Trains, Planes, and Shipping Containers
Three innovations shaped how people and goods move around the world today.
After centuries of travel on horseback, a series of innovations revolutionized how people and goods move around the modern world.
1830s: All aboard for fast, efficient mass travel!
Railroads represented an astonishing innovation for the transport of people, news, and goods. For example, in 1815, it would have taken four days for news to travel between Brussels and London on horses and packet boats. By 1830, a train could cover a similar distance in one day.
Trains profoundly changed people’s lives, from how they traded to what jobs they held. The U.S. railroad system expanded from thirteen miles of track connecting two cities in 1830 to over nine thousand miles of railroad just twenty years later. By the early twentieth century, railroads were major employers in the United States. Products from one part of the country reached consumers in another, prices dropped, industry developed, settlement continued, and travel became faster and easier for those who could afford it.
But despite the railroad’s transformative effects and enduring importance, it was eclipsed by innovations in the twentieth century. The rise of cars and paved roads led to more people traveling individually and facilitated the trucking industry, especially after World War II as the U.S. interstate highway system expanded.
And then came commercial air travel.
1940s: Feel like waking up in New York and falling asleep in London? Now you can.
The early twentieth century saw historic moments in air travel: the Wright brothers flew the first airplane in 1903 and Charles Lindbergh flew the first nonstop transatlantic flight in 1927. But it was not until after World War II that air travel revolutionized transportation. In 1945, the International Air Transport Association, which sets global aviation standards, was established. Fast forward to 2018, when—just sixty years after the first passenger jet flew across the Atlantic— nearly 18 million travelers flew from the United States to Europe.
Not only did planes make it easier for people to travel, but they made international cargo shipping more efficient too. The 1978 Airline Deregulation Act essentially introduced a free market to the airline industry, allowing airlines to set their own fares and routes for the first time. Newly deregulated, the industry dramatically changed, with routes altering, fares dropping, passengers increasing, and companies quickly forming. Deregulation also facilitated the growth of commercial shipping enterprises such as FedEx and UPS, which were now able to use much larger aircraft than they had been. Around the same time that the Airline Deregulation Act came into effect, reduced tariffs and further technological innovations helped increase global trade and travel. The culmination of these events led to more goods crisscrossing the globe every day, which is why the seemingly mundane shipping container became a building block of the globalized world today.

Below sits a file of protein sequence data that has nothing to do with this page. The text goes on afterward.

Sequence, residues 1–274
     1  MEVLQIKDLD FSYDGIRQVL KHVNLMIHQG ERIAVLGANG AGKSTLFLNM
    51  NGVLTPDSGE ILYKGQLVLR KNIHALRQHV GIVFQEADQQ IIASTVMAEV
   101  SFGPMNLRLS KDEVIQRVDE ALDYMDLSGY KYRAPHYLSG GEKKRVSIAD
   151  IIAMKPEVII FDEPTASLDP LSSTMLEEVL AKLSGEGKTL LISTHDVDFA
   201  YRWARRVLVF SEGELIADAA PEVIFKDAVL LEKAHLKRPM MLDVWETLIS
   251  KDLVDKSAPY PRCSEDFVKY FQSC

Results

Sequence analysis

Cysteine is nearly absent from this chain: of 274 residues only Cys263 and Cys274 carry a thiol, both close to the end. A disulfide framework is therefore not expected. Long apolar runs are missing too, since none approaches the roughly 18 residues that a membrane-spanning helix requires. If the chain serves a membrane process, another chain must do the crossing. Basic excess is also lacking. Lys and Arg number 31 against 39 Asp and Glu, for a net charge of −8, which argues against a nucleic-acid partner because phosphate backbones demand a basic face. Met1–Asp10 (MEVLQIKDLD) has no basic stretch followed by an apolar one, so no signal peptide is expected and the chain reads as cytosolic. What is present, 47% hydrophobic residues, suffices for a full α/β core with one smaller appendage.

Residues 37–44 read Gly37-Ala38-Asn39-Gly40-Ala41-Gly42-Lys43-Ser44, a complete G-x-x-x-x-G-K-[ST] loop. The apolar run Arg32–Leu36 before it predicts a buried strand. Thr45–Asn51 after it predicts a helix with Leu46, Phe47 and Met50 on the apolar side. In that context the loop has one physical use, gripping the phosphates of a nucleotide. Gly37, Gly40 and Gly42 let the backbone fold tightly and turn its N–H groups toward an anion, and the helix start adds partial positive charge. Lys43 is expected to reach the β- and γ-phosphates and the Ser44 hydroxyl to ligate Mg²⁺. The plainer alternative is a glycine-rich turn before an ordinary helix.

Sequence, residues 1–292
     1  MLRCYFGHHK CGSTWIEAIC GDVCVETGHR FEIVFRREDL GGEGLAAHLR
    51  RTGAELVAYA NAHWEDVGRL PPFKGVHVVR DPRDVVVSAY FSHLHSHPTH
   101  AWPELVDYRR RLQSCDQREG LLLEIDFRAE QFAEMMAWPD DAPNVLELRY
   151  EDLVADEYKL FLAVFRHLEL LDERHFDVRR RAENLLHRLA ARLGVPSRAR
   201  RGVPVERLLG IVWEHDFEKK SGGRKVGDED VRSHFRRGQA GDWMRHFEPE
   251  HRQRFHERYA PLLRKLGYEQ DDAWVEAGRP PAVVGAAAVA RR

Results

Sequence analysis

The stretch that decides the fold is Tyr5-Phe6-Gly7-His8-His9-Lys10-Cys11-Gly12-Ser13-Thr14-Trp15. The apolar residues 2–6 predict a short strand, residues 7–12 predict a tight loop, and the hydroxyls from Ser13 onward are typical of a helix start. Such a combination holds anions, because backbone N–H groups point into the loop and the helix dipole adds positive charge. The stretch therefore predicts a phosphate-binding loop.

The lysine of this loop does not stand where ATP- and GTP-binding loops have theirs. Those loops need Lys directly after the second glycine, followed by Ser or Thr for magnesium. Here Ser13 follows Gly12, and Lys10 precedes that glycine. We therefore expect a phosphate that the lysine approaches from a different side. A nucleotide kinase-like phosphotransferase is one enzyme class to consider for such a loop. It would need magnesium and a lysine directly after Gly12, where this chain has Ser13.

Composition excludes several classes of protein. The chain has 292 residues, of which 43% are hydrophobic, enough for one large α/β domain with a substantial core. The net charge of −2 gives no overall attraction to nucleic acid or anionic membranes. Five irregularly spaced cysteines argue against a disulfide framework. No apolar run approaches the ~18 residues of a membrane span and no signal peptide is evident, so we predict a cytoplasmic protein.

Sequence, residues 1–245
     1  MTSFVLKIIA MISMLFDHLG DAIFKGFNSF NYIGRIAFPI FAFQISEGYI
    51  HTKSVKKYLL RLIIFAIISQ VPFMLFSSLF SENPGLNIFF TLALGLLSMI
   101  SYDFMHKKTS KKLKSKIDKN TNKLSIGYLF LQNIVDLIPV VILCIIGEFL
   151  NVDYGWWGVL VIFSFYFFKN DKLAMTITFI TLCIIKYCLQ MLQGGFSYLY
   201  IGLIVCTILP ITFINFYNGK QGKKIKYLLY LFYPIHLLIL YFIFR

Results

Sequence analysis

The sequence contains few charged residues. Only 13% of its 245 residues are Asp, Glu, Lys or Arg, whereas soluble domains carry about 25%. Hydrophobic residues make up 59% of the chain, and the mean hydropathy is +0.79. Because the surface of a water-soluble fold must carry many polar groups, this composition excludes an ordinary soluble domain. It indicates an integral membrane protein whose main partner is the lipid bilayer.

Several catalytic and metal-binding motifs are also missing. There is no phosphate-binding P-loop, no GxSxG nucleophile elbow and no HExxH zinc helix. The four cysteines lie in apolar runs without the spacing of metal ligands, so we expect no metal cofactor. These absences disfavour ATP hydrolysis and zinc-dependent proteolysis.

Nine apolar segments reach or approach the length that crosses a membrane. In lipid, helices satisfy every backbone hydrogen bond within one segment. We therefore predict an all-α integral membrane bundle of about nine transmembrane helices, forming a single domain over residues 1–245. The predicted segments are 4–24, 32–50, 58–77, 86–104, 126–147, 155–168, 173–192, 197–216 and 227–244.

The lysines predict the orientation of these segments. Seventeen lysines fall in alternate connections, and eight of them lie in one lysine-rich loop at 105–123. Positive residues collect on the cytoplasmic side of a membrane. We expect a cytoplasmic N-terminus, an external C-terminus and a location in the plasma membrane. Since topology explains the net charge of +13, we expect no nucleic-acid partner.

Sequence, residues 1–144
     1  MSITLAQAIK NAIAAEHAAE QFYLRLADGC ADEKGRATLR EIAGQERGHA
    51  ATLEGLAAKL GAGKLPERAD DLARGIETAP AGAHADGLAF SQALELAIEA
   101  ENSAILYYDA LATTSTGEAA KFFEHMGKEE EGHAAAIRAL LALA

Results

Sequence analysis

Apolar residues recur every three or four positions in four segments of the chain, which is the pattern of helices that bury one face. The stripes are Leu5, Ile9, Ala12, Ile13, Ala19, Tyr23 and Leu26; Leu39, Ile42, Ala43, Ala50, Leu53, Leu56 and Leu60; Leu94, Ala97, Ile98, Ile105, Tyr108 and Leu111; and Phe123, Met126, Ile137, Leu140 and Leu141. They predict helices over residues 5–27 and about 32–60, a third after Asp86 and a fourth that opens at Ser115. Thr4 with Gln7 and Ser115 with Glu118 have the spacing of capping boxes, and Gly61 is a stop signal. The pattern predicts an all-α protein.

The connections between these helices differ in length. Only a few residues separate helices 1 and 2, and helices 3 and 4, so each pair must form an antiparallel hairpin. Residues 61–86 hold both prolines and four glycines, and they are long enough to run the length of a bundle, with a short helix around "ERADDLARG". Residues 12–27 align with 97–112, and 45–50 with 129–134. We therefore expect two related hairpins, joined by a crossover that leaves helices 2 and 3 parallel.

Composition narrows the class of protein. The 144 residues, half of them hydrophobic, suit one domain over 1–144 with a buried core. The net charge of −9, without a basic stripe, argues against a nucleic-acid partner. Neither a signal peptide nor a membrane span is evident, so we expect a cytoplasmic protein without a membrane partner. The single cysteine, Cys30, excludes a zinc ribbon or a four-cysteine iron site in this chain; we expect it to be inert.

1960s: Shipping companies stop thinking outside the box.
In 1956, the first container ship—the brainchild of American trucking magnate Malcom McLean—headed from New Jersey to Texas. Within ten years, the uniform, rectangular shipping container would become the standard vessel for the transportation of cargo around the world. Prior to that, cargo was not packed in a standard way; it was loaded on boats or trains in packages of all shapes and sizes. The process was disorderly, time intensive, and costly, in part because large teams of unionized workers were needed to load and unload goods, some of which could go missing along the way.
The introduction of shipping containers led to what’s known as containerization, which kicked off in earnest in the mid-1960s. This relatively simple innovation changed the world in vast ways: standardizing the containers in which goods traverse the globe drastically reduced the logistic and labor costs of shipping, which lead to a massive expansion of international trade. A study of twenty-two industrialized countries found that containerization was so efficient and streamlined that it correlated with a nearly 800 percent increase in trade over twenty years.
Efficiency was a boon for businesses and consumers. As productivity skyrocketed and technology advanced, companies saved on insurance costs, for example, as standardization and security prevented the theft of goods. They also saved money on labor costs: containerization meant they needed fewer workers. But efficiency had its drawbacks: many people lost their jobs, and some ports closed. Businesses saved money, but many families were left without a steady income.
These innovations have made life easier for most—but harder for some.
With all the talk of the innovations that have encouraged and shaped globalization, making it faster and simpler for people and goods to travel, it can be easy to slip into the assumption that these changes have all been for the better. However, every benefit comes with costs.
It’s true that people can hop on a flight before breakfast and end up on the other side of the country—or the world—for dinner. But in doing so, they are emitting several tons of carbon dioxide, contributing to climate change, and could be enabling the spread of deadly diseases. You can order clothes or shoes online and have them delivered to your doorstep the next day. However, you would likely be supporting an industry that takes advantage of low wages and weak labor laws in developing countries and displaces jobs as it moves from country to country seeking lower operational expenses.
It can be easy to forget that the conveniences taken for granted today didn’t always exist. But understanding how drastically—and quickly—advancements like the railway, the jet plane, and the shipping container transformed the world can help us appreciate globalization’s many contradictions.